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    • I’m not sure I understand the difference between homemade and homestyle, but I had no doubt that the chicken was entirely prepared on the premises! Agreed on the potatoes, though. I’m sure the noodles in the soup were klusky style, and was thus surprised that they were kind of mushy.

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      • Lone Primate says:

        I think “homeSTYLE” legally means it’s okay if it came that way out of a box and it’s never been touched by human hands or seen by human eyes till it came out of plastic the homestylin’ robots lovingly shrink wrapped it into. :) Sort of like, you know, “orange-flavoured” means “made nowhere closer to Florida and its oranges than Wheeling, WV”.

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        • ryoko861 says:

          Lone Primate is right, it’s not homemade if it came out of a box. Homemade is made from scratch. It’s a term that’s geared to make you feel comfortable. Yes, the frozen dinner you ate was probably “homestyle”….just unlike mom used to make!

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  3. Awesome! If you didn’t already have a technical career, I’d say you have a future as a restaurant critic. :-)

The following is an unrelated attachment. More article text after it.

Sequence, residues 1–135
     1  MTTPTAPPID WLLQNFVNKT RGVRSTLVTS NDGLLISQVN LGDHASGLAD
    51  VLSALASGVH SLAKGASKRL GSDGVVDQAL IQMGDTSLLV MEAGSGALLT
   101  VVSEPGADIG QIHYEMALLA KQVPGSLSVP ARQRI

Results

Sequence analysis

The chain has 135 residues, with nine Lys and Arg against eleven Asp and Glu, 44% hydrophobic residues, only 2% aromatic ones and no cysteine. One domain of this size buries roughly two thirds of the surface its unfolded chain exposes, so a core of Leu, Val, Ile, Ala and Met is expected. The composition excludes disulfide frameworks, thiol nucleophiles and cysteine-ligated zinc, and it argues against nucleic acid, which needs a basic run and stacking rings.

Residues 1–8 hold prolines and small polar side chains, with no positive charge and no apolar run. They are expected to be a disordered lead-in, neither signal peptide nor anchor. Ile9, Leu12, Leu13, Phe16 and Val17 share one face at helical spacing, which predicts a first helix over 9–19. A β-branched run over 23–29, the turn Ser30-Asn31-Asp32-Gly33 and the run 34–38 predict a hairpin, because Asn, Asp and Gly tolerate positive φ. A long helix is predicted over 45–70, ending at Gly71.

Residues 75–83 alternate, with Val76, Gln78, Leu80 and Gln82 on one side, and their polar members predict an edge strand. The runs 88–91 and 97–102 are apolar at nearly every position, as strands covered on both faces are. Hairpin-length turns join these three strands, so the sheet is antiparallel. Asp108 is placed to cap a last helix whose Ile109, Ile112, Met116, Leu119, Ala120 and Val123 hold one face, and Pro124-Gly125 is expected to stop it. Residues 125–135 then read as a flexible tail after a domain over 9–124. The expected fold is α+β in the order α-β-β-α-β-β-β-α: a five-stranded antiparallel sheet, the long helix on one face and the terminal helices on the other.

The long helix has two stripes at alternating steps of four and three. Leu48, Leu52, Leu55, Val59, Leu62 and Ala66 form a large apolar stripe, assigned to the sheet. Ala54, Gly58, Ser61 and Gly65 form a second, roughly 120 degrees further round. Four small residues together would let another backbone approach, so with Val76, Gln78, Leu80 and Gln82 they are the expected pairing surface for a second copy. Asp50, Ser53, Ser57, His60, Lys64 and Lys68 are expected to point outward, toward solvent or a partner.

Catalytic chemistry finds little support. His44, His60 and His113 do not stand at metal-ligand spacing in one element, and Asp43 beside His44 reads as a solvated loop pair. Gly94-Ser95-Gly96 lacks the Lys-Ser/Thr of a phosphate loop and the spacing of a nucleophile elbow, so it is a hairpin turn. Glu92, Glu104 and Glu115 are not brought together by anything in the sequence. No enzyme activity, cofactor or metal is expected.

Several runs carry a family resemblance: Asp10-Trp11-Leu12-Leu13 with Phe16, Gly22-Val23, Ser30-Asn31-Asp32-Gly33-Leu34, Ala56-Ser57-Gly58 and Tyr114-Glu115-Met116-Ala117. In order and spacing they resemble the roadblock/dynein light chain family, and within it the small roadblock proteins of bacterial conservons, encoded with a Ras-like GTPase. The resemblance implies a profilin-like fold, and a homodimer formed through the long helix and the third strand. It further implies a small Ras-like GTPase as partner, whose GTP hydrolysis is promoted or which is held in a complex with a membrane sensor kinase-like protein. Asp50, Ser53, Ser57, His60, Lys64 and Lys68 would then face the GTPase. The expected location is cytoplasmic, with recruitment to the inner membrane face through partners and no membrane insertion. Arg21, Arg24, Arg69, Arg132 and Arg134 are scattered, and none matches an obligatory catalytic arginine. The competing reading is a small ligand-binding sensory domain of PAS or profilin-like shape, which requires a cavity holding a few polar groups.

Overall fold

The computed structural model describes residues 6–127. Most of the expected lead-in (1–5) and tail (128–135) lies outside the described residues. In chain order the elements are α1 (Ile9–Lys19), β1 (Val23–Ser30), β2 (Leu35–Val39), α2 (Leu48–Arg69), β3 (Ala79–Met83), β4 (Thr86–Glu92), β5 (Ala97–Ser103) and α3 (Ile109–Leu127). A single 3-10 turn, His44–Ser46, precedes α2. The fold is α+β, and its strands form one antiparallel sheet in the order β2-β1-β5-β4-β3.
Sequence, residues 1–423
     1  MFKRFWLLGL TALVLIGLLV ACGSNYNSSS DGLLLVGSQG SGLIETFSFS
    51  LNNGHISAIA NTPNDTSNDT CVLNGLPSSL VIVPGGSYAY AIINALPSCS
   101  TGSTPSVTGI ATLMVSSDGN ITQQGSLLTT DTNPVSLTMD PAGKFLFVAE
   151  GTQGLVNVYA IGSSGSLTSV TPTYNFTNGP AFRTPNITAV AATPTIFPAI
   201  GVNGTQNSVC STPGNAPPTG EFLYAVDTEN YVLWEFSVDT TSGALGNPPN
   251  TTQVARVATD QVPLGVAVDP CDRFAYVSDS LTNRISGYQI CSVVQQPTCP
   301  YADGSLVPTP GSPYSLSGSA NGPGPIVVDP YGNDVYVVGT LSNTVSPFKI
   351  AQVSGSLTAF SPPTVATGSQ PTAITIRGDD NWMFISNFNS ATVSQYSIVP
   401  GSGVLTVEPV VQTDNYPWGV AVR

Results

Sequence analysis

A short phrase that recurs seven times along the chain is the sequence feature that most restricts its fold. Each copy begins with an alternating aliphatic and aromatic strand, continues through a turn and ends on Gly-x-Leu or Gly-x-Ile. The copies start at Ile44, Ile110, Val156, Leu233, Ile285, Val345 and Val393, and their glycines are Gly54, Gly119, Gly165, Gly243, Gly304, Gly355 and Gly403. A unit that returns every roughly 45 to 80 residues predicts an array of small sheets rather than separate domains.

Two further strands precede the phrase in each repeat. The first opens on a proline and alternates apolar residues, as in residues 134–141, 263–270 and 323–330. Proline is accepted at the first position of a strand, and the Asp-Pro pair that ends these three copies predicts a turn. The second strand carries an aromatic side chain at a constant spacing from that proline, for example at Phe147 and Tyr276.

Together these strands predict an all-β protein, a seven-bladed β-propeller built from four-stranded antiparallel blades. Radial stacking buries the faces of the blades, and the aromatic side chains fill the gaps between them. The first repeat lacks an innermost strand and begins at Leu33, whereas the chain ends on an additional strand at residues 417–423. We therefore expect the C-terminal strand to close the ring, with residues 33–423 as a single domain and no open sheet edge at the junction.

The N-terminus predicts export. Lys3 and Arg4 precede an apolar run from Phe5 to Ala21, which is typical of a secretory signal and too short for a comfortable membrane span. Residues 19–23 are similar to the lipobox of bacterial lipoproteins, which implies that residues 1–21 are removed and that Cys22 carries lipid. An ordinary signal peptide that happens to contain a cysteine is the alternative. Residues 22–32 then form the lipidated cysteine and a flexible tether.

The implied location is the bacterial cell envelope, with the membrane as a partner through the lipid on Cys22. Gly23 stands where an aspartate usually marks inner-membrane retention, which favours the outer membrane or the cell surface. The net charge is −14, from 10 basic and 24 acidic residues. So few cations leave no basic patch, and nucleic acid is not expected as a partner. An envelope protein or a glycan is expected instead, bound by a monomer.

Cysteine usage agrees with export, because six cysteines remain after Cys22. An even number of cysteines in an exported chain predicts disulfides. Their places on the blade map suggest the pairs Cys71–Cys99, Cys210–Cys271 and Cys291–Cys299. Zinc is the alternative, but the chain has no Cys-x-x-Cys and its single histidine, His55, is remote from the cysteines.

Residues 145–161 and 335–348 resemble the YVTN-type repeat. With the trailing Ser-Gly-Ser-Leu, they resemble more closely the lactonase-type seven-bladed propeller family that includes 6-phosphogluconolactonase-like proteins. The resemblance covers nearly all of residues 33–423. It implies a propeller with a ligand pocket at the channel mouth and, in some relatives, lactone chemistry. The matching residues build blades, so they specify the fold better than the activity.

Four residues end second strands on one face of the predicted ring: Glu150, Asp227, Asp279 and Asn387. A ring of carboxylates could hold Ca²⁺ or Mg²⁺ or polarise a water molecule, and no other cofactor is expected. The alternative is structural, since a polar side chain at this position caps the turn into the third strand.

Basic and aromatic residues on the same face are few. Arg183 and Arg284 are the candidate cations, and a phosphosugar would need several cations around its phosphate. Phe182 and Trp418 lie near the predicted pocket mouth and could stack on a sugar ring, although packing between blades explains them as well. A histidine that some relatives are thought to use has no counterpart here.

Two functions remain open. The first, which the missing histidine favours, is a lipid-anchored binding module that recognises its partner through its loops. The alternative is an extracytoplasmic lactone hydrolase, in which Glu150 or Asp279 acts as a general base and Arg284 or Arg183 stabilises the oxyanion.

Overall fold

I’m pretty sure that I’ve been to the Kopper Kettle, but it was a long time ago. Seems like a good time for a repeat visit.

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  4. Lone Primate says:

    “I think if you fried the fender of a Buick in lard, I’d find it delicious.”

    LOL :D

    I’m not sure this counts towards a recommendation specifically of their chicken, when you mull it over. :)

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  5. I stopped at the Kopper Kettle several years ago when it was early enough to be welcomed but late enough to be the last customer of the day. I wasn’t aware that they did family style serving when I entered but soon learned. As they explained to me later, the normal rule for a solo diner is to start them off with a double order of all the sides and replenish if necessary. The cooks really wanted to start clearing the kitchen once my meal was prepared so they sent out triple orders. My table held a truly embarrassing amount of food.